The Unbelievable Truth About Financial Crimes Compliance Reporting
While financial crimes compliance (FCC) has long been one of the central motivators for developing stronger data management practices, the intensity of regulations has increased over time, thereby elevating expectations for quality and speed in compliance reporting.
Meanwhile, perpetrators are not standing still. Rather, they are moving forward with new technologies to pursue their calling. In fact, fraud is initiated using artificial intelligence in many cases, and the problem is further exacerbated for large banks that operate internationally.
Additionally, despite a substantial amount of the work being done by IT departments, trust in the data within risk and compliance groups is remarkably low; only 2% of financial organizations express high satisfaction with their outcomes and confidence in data, according to benchmark surveys conducted by FIMA in partnership with Paxata in Q2 2017.
Due to these pressures, FCC reporting remains one of the top initiatives in the financial services sector, with 77% of organizations responding that more than a quarter of their analytics activities is driven by compliance.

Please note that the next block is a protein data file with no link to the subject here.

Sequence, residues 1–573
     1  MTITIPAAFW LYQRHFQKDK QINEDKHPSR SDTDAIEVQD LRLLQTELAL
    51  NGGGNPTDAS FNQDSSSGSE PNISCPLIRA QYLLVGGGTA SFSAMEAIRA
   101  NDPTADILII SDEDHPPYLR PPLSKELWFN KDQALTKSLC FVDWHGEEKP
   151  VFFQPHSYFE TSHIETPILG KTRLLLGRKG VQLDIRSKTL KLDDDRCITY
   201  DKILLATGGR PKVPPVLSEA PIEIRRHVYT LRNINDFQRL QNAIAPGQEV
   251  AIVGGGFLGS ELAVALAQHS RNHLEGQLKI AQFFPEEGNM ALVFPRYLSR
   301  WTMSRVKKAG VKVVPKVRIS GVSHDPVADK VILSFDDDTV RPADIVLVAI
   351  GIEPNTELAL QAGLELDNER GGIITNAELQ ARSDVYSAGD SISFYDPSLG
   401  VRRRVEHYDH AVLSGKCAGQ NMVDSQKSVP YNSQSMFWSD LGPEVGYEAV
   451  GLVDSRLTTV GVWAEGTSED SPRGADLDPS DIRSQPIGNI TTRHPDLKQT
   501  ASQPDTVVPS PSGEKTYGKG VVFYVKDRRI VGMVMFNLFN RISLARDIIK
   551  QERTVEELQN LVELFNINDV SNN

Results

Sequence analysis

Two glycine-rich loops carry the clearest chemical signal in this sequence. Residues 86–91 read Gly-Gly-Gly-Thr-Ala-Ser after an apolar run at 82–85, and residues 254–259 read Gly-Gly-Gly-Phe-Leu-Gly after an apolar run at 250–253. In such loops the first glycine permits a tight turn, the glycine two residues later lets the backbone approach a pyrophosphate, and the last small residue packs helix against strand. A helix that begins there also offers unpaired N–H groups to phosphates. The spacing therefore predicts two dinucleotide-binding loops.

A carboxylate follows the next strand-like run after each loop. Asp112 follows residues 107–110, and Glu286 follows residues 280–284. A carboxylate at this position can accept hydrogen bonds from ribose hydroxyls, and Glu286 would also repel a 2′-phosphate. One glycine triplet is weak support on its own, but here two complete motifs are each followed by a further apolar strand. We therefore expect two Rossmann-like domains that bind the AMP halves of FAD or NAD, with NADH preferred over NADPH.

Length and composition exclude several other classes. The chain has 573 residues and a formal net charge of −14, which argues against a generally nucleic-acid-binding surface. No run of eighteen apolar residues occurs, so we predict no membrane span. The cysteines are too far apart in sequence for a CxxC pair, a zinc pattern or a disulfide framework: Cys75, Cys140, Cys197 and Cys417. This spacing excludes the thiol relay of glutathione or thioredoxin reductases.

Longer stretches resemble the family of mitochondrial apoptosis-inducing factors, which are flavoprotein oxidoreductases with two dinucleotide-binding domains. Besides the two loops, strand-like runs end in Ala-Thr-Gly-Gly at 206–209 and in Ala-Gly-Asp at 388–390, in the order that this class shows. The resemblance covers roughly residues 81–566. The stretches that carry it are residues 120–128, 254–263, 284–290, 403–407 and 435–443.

Inasmuch as compliance reporting is highly dependent upon the availability and quality of data, one question remains: who within a financial organization is the most data–literate? That is, who is best qualified to actually act upon the data and transform it into information that can be confidently used for regulatory reporting?
While subject matter expertise is grounded in the line of business and inside risk and compliance groups, data expertise remains in IT. And one can’t do without the other.
Ultimately, success is dependent on how effectively these two groups communicate and collaborate around their data. And, believe it or not, today this is done via Excel.
Yes, Excel spreadsheets are the data exchange platform of choice between business teams and IT today. In fact, the FIMA study shows that 94% of financial organizations use spreadsheets for mission-critical compliance projects, with 48% using spreadsheets broadly and 46% on a limited basis.
How can the financial services industry – one that deals with transaction data in a greater volume and scope than any other industry in the world – still utilize spreadsheets for its most risk-intense projects, given Excel’s inherent limitations?
This was the topic of discussion in our most recent webinar. On July 19, Paxata partnered with FIMA to discuss how financial services organizations can course-correct and solve these problems on a grand scale.